Straight for the goal! The incredible journey of CASG

The Societe Generale Athletics Club (CASG) is a two-time winner of the Coupe de France football championship. It is the only corporate sporting association to have won the competition.

Sunday, 6 April 1919. Ten thousand spectators were gathered at Parc des Princes stadium to watch the Coup de France final. The Societe Generale Athletics Club (CASG - Club Athlétique de Société Générale) was up against title-holder Olympique de Pantin. The match went into extra time. Uniformed in sky blue and white, the "Généraux" had just tied the match at 2-2 and were keen to snatch the victory. Two minutes of play remained. Reclaiming the ball in the penalty area, Louis Hatzfeld, CASG's star striker, took control of the ball, eliminated a player on the opposing team and made a powerful kick. The ball flew into the goal. To the applause of the spectators, the English-born centre-forward erupted with joy as his teammates ran toward him and lifted him off the ground in triumph. Moments later, the referee blew his whistle to signal the end of the match. Victory was theirs! The CASG team did a victory lap with the Cup raised high. In a dramatic turnaround, the team had mustered up the resources to up the score as the high-level match drew to a close. To this day, it remains the only corporate club to have ever won the Coupe de France.

Societe Generale's participation in this competition was not at all surprising. Founded in 1903, CASG was one of the most successful athletics clubs in Europe. In amateur sports, it was a real breeding ground for champions. Its football section was particularly well stocked with talent. The bank's management, which encourages employees to participate in sporting activities (particularly those involving speed and team sports), was right to keep football firmly in its sights. The first two teams were formed in Paris in 1905. Under the umbrella of the Union of French Athletic Sports Clubs (USFSA - Union des Sociétés Françaises de Sports Athlétiques), local sections began proliferating across the country. Before going professional in 1932, championships were held on the regional level. Notably, CASG Orléans was champion of the Touraine region from 1911 to 1914. The original team of CASG Paris also won the title in 1913. This team’s players proudly wore the colours of the "Bankers", as they were first called. Led by a generation of talented players, several of whom were selected to play professionally, they became the most successful team in Paris. Their list of achievements tells it all. In 1914 they won the Montriond International Tournament held in Lausanne, Switzerland, becoming the first French team to win a competition abroad. From 1915 to 1917 the team took home two Coupes des Alliés and three National Cups organised by the USFSA. The quality of their gameplay, with a strong offensive focus, won them the support of the public.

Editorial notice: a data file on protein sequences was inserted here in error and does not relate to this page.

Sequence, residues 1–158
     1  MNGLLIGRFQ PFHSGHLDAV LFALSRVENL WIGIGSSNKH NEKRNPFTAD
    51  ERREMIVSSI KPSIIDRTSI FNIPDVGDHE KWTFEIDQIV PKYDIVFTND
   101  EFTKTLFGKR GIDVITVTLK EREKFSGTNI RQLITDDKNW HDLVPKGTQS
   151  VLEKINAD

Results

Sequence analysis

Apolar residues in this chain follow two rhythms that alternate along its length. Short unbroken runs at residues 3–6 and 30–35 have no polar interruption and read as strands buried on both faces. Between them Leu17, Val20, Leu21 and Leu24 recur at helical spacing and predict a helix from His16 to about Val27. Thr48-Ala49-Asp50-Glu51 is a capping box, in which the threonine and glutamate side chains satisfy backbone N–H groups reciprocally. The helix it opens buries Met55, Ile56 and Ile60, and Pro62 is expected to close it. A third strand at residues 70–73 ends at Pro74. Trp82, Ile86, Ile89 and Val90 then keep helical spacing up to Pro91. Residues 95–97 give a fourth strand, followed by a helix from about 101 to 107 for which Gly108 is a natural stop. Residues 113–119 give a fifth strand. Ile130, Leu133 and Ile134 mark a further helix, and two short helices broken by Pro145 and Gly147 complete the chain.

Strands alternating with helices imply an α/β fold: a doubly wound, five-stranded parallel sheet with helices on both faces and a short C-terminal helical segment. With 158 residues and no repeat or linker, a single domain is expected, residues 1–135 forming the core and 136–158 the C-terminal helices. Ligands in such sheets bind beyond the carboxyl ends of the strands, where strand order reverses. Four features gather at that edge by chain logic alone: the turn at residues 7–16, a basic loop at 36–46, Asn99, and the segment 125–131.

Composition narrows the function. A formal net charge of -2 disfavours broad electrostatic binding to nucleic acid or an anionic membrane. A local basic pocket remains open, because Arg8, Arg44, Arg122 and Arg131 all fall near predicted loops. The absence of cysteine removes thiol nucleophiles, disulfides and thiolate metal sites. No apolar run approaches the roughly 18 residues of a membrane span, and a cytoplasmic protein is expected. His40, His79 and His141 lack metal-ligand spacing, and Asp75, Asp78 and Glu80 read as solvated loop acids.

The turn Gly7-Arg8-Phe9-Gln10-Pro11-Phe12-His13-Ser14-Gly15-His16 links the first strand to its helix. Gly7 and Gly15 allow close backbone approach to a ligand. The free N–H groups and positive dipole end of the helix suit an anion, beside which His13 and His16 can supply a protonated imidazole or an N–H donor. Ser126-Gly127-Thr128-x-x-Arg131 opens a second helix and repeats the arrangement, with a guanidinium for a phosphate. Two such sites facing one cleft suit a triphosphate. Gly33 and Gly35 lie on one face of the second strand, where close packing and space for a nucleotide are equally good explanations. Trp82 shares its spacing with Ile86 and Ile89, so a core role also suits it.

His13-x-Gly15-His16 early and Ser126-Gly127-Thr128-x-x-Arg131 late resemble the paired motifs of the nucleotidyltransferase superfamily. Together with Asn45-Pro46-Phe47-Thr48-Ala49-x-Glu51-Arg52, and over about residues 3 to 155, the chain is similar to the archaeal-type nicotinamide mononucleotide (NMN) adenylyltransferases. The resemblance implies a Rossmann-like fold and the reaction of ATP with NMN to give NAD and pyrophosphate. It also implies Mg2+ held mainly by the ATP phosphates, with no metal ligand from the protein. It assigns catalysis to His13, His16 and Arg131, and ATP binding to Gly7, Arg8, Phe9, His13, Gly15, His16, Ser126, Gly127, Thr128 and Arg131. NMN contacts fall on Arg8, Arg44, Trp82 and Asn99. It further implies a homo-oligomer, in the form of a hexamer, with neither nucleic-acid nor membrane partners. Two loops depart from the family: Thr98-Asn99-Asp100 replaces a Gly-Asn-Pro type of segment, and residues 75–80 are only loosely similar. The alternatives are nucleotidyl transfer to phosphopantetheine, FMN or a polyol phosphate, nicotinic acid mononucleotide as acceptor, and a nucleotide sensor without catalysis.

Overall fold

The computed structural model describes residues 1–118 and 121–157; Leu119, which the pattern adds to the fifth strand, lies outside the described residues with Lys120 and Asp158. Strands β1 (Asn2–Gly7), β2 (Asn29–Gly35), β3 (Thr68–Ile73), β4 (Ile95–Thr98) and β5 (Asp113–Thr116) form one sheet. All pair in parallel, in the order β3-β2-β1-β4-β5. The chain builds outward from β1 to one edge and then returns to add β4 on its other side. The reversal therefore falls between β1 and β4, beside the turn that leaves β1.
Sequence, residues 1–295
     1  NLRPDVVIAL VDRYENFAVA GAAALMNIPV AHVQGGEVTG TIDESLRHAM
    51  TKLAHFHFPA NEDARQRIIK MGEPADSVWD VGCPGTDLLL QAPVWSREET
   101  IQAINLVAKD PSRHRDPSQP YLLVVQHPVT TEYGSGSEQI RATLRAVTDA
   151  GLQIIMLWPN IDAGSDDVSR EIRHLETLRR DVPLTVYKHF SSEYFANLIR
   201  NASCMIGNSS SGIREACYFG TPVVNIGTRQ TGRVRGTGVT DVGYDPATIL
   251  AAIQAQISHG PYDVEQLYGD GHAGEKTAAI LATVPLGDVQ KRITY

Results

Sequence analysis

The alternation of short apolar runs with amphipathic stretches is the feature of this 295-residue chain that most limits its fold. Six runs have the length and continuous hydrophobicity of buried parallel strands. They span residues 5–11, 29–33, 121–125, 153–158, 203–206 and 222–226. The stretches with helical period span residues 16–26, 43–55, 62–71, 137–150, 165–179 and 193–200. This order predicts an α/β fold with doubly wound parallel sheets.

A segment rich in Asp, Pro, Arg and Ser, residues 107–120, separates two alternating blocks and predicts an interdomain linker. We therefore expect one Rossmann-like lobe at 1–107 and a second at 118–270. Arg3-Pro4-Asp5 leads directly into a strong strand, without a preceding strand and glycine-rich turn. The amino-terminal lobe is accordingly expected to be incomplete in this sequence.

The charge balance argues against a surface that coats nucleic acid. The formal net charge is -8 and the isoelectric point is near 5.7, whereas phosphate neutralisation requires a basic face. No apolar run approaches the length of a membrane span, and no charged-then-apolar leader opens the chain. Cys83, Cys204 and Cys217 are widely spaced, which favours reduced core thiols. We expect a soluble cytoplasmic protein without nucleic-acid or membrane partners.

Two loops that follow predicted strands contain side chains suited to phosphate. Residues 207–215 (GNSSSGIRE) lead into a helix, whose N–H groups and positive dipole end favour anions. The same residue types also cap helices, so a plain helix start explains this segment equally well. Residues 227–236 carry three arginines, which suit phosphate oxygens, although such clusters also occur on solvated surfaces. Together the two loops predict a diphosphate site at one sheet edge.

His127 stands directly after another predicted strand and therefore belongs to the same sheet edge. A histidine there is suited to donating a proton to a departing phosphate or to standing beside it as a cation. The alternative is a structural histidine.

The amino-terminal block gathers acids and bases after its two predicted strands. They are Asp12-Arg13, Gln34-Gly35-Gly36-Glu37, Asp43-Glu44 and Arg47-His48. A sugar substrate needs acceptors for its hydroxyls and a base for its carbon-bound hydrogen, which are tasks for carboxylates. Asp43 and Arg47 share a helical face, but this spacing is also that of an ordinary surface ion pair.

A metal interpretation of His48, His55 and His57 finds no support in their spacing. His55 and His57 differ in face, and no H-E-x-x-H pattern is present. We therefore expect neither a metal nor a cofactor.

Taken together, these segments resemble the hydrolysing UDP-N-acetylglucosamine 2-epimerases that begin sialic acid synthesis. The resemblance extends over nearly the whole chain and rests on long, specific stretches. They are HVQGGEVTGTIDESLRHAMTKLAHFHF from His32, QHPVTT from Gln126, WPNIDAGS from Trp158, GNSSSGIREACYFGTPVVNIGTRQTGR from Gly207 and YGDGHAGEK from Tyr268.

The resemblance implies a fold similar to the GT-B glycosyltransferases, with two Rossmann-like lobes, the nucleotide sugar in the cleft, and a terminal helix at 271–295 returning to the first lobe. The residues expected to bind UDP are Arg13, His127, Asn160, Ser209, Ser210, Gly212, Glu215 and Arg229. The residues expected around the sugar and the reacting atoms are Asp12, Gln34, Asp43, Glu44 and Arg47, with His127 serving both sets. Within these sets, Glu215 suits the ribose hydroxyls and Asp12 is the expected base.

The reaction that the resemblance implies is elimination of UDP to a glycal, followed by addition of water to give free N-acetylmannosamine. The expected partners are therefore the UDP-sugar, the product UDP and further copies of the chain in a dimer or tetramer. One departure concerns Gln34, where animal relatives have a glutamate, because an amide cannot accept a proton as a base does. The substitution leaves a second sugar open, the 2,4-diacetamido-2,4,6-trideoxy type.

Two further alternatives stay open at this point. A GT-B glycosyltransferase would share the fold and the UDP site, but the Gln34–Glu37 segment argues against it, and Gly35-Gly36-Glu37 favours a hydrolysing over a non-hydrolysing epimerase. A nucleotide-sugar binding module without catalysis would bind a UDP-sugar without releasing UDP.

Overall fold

Remarkably, the Parisian team had three Englishmen, one of whom, defender John Mentha, was the captain. Then there was a young striker by the name of Jean Boyer, whose star would later rise with Olympique de Marseille. At the first Coupe de France in 1918 CASG Paris was eliminated in the semi-finals by Olympique de Pantin. The following year the French Football Federation (FFF) was created. Too corporate in name, Societe Generale's athletics club was rebranded the General Sports Athletics Club (Club Athlétique des Sports Généraux), hence the players' "Généraux" nickname. The Parisian team, as we saw, snatched the Coupe de France after a gripping match. In the semi-final round, they had already achieved quite a feat by defeating Rennes 4-3 on the opponent's own turf.

CASG Paris did not make it to the Coupe de France finals again until 1925. That year saw even stiffer competition with 326 clubs participating. One by one, the "Généraux" beat Brest, Boulogne, Colombes and FC Sète. In the final, they were up against FC Rouen. The match took place on 25 April at the Stade de Colombes. But neither side could gain an advantage, ending with a score of 1-1. As the rule of extra time had not yet been adopted, the FFF called a rematch. The CASG players were enraged, and for good reason! Moments before the final whistle, CASG striker Henri Tissot had been disallowed a goal unjustly for a supposed hand ball violation. But the "Généraux" would not give in to discouragement. Two weeks later, before a crowd of 18,000 spectators, they came out on top with a score of 3-2.

It would be their last moment of glory. Strongly attached to the rules of amateur football, Societe Generale turned down the chance to go professional in 1932. CASG Paris could no longer put together a team capable of rivalling larger French clubs like Racing, FC Sochaux and Olympique de Marseille. In 1933 it narrowly took the victory in the Honneur d’Ile-de-France division. And while CASG Orléans has fared well, as have the local football sections of Marseille and Bordeaux, these teams have only been successful on a regional level. However, this more challenging sports environment did not keep CASG management from launching successful new initiatives, such as starting a football school in 1932 and promoting women's football. The strategy has paid off. Two years later, the junior team took home the Paris Coupe des Minimes. And in 1927 the women's section of CASG Marseille made it to the French championship final. Not a bad way to bring team spirit to life!

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